When Danny Kim founded his car company in 2010, he was confident that at even 30-year-olds, he could take on the big automakers. “The Google generation has access to all this knowledge so it’s incredibly easy for these innovative minds to hybridize ideas.” When we interviewed him in 2011, he called San Francisco the next electric Detroit and showed us his cardboard mockup for his C-1: the two-wheeled car/motorcycle hybrid that couldn’t fall over, thanks to gyroscopes.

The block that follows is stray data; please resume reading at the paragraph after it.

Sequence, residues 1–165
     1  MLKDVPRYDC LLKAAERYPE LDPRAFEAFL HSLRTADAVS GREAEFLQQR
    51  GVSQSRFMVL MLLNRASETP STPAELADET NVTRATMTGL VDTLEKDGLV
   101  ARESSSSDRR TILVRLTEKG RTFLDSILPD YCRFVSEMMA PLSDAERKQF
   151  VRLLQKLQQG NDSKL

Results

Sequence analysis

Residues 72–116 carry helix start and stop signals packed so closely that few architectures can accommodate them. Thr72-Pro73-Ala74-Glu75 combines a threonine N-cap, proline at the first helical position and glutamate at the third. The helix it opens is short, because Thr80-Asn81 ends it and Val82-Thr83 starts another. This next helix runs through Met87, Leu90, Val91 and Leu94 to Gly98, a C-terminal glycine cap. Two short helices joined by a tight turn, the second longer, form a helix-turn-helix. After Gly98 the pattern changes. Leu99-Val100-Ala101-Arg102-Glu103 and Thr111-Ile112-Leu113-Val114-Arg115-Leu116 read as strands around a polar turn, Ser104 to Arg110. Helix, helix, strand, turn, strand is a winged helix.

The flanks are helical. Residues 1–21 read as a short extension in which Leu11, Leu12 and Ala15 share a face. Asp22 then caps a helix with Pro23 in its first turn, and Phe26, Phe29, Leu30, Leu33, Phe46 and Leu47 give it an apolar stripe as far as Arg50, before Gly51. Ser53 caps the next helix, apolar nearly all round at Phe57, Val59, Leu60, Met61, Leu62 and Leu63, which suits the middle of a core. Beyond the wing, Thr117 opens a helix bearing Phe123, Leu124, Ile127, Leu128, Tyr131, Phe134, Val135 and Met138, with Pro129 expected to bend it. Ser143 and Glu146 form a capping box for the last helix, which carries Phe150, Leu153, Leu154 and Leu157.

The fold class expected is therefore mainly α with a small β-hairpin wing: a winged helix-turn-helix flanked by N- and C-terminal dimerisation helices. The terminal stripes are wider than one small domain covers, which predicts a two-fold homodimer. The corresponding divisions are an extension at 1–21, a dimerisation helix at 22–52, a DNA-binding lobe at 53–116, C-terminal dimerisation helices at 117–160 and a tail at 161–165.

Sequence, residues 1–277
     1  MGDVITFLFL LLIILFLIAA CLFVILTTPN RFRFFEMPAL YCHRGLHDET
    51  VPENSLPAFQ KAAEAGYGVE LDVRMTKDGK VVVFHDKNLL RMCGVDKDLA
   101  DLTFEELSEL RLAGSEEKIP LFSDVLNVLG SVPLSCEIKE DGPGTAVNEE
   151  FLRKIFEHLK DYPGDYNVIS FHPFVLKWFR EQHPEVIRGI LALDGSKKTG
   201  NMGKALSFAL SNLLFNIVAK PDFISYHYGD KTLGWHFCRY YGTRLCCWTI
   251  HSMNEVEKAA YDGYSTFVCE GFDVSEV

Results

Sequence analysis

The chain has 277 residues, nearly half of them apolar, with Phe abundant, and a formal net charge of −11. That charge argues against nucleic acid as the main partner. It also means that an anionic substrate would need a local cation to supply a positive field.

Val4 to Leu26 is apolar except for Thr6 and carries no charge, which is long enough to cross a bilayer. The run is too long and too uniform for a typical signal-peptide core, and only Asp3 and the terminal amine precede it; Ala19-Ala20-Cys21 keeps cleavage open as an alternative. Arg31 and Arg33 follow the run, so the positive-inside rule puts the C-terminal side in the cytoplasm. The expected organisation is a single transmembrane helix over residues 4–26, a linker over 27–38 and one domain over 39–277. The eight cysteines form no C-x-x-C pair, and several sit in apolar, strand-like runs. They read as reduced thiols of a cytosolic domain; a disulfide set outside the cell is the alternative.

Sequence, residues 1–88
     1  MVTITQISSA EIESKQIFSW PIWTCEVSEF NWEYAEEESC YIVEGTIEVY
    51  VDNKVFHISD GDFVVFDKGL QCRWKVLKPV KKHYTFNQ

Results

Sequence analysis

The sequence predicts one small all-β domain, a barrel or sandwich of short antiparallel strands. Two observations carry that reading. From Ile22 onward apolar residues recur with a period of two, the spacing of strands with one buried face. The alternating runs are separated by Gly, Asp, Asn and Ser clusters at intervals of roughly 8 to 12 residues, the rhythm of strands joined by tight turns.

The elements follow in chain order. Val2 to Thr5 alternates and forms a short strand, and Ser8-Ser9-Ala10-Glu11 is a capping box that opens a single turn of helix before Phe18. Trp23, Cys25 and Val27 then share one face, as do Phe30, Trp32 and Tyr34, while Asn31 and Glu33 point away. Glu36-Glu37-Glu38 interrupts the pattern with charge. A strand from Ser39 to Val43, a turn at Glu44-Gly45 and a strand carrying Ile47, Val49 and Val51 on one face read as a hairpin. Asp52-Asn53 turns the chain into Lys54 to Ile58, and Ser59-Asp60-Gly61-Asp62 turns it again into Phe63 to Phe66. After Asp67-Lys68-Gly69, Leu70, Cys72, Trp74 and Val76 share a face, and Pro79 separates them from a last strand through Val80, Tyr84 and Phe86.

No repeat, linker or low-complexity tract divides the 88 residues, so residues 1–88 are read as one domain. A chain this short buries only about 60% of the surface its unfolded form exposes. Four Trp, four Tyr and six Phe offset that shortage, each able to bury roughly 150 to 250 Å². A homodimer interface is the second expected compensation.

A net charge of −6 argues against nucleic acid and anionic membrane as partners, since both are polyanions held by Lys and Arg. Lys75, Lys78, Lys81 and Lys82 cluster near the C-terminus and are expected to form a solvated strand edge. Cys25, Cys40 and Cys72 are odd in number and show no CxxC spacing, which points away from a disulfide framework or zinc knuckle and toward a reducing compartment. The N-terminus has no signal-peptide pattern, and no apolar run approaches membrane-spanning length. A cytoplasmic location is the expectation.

We returned two years later (in August of 2013) just as Kim was offering a test drive to a potential investor inside the Lit Motors offices in San Francisco’s SoMA district. A few months later, with nearly 3/4s of their planned production run for 2014 already sold (but no road-ready prototype), the company received a patent for their gyroscopically-controlled stabilization system.
The concept of a gyrocar isn’t new (the first was manufactured in 1914 for a Russian count), but Kim wants to create a “rolling iPhone” where the user experience feels like an extension of your smartphone. The final product should reach top speeds of 100 mph, with a range of 220 miles per charge. During our visit last August the prototype had just one sensor, but he expects the final gyrocar to have around 32. “It’s really a robot,” he explains.